The 3 things we learned while building an 8-screen interactive installation

In late 2017, Stink and Google partnered up to create a series of demos showcasing how to push the limits of Google Cloud technology. This was an an invite-only event for some of the world’s top C-suite executives (sorry, all!).

One of these installations demonstrated the wide range of collaboration possibilities with G-Suite. We wanted to create something that showcased the birth of an idea through its final delivery using interactive moments across eight screens, including a Jamboard.

As the centerpiece of the demo, we have a Jamboard, a giant 4K digital whiteboard designed for workplace collaboration.

When I was originally approached by Olivier and Erica about this installation, I thought they were crazy. Excited about the possibilities, I knew we had some challenges ahead:

  1. How do you animate eight screens in After Effect without real-time feedback? How do you make the set-up shareable for other animators on the team?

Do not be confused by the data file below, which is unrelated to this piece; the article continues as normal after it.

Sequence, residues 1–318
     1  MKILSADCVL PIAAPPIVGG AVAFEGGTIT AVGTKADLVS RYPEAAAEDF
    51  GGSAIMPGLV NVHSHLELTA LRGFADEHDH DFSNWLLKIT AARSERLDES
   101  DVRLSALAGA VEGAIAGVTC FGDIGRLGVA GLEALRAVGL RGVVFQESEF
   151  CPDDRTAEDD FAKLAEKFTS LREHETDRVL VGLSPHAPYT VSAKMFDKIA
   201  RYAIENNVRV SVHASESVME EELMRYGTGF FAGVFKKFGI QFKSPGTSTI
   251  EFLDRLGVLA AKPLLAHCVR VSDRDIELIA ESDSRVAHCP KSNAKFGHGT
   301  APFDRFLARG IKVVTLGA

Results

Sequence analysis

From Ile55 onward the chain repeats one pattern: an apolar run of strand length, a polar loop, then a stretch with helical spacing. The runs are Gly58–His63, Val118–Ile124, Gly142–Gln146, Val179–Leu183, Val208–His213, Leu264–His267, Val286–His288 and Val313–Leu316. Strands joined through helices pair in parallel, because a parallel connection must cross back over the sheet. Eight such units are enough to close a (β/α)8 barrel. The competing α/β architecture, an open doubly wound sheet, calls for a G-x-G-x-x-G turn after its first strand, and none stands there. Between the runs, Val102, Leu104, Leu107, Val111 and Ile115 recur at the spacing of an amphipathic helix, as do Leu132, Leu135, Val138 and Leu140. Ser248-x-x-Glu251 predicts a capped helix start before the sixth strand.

2. How do you make the interactive moments work? How do you pass assets to the dev team? What is the setup gonna be? This isn’t flash or HTML, ya’ll!
  3. We wanted characters to come alive during the experience, which meant finding ways to bring them to life in a short time frame.

1. How to set up After Effects to handle the eight screens efficiently

The biggest challenge was how to display two minutes of animations on eight HD screens, and create beautiful moments where the animations are brought to life across all of the screens at the same time. Inside After Effects, we set up our main composition in three steps. Follow the process below: